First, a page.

Menu

The Brands Brothers Reflect on Representing the United States of America

Tom and Terry Brands at the 2022 Collegiate Duals (photo courtesy of Sam Janicki; SJanickiPhoto.com)


We're in a meeting of the Intermat conference correspondents, and we are going over some things coming up, what we should be aware of, updates on when things will be posted, etc… Business as usual. I always enjoy these meetings because you can learn about what other people are working on, bounce ideas off of each other, and people offer to help network to get information or stories for other people. A generally pleasant collaborative environment. This particular week Earl Smith - Editor at Intermat, casually mentioned how we should come up with ideas for the Fourth of July. I had one! I'll ask World Champion and Olympians, Tom and Terry Brands, to talk about their experiences representing the United States. It'll give them a chance to talk about their accomplishments through their career, we can talk Iowa and Gable. Everyone wins! Sure enough, they were interested in the idea and I got my first chance to speak with these two legends of the sport. I started with Terry. It was a Thursday. I was nervous, but prepared. Let's go.

Kevin Claunch

I am very honored to be joined by Terry Brands, Associate Head Coach at the University of Iowa. I appreciate the opportunity today to speak with you, Terry.

Terry Brands

Thank you for having me.

Kevin Claunch

This piece is really around patriotism. I thought it would be really cool to talk with you and your brother about what it's like having the experiences you've had to represent the United States against the world. So is there a specific first moment, whether it's winning a match or, or getting over a hump or anything like that that comes to mind with your wrestling experience and representing the United States that, that, is top of mind for you?

Terry Brands

I think, you know, growing up and being an American, just the way that this country was founded or formed, was God and Country and everything that we were raised, everything that Gable taught. So it was kind of like a natural transition in about that. It was about representing yourself at the highest level, because it's not just about you.
It's about God, it's about Country. It's about your family. And so it goes back really to fifth grade when I started wrestling and we kind of figured out that the Olympics was the top level and we get to wrestle for the United States of America and put those warmups on, or those singlets on and go out and compete for the country.

And it was about God and country going back. As far as I can remember in the sport.

Kevin Claunch

That's awesome. I mean, is there a particular win or anything that comes to mind where you felt like you "did it", and you really represented the United States in the way that you had imagined?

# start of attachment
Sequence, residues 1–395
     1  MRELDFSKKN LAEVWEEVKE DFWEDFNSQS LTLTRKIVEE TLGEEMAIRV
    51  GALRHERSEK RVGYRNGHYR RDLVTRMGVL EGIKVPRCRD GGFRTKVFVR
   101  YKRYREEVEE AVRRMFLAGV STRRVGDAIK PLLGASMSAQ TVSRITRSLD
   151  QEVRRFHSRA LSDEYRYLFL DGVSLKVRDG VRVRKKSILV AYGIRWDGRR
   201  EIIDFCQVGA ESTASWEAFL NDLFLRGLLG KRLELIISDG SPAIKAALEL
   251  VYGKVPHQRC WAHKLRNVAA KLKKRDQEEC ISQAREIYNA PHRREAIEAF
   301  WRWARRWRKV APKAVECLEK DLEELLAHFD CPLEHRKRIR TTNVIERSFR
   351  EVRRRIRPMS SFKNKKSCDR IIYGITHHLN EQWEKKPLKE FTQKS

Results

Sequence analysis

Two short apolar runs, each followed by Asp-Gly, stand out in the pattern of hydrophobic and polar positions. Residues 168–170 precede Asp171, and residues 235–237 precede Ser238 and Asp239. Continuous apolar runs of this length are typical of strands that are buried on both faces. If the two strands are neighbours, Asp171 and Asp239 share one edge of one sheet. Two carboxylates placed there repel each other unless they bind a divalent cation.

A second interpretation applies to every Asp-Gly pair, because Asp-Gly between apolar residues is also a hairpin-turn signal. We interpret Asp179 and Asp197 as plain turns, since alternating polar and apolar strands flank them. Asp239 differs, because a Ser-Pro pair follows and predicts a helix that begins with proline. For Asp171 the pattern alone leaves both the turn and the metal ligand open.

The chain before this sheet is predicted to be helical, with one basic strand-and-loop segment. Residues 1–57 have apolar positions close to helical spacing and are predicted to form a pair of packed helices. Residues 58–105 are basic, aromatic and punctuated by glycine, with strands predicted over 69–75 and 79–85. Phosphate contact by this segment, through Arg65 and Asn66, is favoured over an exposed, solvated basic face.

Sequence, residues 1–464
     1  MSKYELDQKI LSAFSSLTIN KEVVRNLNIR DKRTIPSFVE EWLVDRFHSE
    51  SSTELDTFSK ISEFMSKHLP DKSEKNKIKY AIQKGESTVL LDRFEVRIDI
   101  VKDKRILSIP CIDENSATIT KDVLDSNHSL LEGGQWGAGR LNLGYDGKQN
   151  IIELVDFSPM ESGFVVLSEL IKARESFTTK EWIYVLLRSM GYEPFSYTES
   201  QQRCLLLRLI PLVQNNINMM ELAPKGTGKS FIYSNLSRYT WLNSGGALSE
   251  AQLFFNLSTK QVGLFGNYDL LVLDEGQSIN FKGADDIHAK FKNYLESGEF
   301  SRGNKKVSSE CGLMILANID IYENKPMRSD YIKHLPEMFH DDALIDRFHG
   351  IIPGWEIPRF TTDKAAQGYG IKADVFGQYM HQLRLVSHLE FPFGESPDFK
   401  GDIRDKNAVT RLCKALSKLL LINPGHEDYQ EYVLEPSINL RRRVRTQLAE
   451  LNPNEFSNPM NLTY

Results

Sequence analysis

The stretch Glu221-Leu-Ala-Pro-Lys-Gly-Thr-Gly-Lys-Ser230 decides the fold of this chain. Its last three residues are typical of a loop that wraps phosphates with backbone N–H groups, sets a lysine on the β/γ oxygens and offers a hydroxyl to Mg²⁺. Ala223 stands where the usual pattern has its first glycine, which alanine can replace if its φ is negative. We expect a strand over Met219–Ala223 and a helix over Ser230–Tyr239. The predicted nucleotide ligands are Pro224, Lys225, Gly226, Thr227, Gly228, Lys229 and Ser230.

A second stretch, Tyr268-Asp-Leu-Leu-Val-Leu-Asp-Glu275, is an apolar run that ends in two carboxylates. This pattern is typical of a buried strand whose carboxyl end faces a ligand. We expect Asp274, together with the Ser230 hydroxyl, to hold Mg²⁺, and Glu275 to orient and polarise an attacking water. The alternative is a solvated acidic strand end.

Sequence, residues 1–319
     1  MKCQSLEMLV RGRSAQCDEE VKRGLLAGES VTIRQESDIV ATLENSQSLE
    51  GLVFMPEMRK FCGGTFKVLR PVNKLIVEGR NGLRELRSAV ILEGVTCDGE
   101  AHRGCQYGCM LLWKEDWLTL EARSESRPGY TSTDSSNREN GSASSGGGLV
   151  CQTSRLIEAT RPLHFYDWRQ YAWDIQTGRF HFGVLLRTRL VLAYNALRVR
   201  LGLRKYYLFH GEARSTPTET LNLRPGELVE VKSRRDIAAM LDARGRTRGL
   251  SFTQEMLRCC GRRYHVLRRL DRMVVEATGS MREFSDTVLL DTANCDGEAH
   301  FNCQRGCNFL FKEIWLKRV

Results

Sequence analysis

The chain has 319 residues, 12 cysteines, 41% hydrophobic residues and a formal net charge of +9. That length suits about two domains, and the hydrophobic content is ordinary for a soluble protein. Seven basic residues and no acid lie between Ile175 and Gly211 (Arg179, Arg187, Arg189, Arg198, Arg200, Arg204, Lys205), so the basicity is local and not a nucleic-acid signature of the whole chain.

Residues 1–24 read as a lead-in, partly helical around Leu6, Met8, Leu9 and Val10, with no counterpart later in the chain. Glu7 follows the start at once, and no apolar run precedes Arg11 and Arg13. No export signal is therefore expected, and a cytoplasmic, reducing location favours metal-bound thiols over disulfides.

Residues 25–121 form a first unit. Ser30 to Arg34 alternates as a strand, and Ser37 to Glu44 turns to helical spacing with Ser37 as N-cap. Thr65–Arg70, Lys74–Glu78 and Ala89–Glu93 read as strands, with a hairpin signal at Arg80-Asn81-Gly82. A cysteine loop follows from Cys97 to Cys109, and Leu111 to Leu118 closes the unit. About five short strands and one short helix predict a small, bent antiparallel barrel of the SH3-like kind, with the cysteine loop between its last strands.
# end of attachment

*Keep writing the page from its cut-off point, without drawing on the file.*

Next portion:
Terry Brands

Probably the best or biggest victory was Gable, you know, seeing Gable on the podium. I was four years old and didn't really know anything about it until, you know, five years, six years, seven years later. But when you start investigating the sport, his name comes up and you see that picture.

That's really the moment. And you put yourself where Gable was. You put that gold medal around your neck. You know, so it's kind of like a visualization thing, it was kind of hatched or manufactured or manifested in my mind before it was a reality, or really in my mind and my heart.

And again, like I said, it's just one of those things that's the highest level in the sport of wrestling is to wrestle for your country in the Olympic Games. And. You know, that's what you aspire to do.

Kevin Claunch

Well, it's funny, you mentioned that I literally, in my office here have the picture of him with the, the gold medal around his neck and the, the quote at the bottom you know, gold medals aren't really made of gold. They're made of, you know, sweat determination and a hard-to-find alloy called guts. I bought that in 2012 in Iowa. When I was there for the Olympic trials, just watching obviously. But it's funny that that happens to be the, the moment you mentioned too.

Terry Brands

Yeah, exactly. It's a classic picture. It's a classic, it's an iconic picture of success. And you know, anybody that's got a brain can, can put themselves in that spot and, and they can aspire to be that. And they can become that even though I never did. You know, it was something that, that, that image was, is, and was imprinted in my head for forever.

Kevin Claunch

You got into coaching as well, and you had a lot of success coaching at the collegiate level, but also internationally as well. Is there a specific coaching moment, you know, where somebody got a big win or anything along those lines that really stands out to you that fills you with, with patriotic pride?

Terry Brands

Probably Henry Cejudo. You know, he was an immigrant. I don't know if he was first generation or second generation, you know, he was born in Mexico and then his mom brought him across the border. And so for him to be able to fulfill his goal of winning an Olympic gold medal and doing it at a very, very young age was really, really satisfying for him. And that was a very patriotic moment for himself as he named, his daughter America. So, you know, he has a lot of American pride and that was so cool to see him be able to stand on top of that podium, you know, with that gold medal around his neck as an American.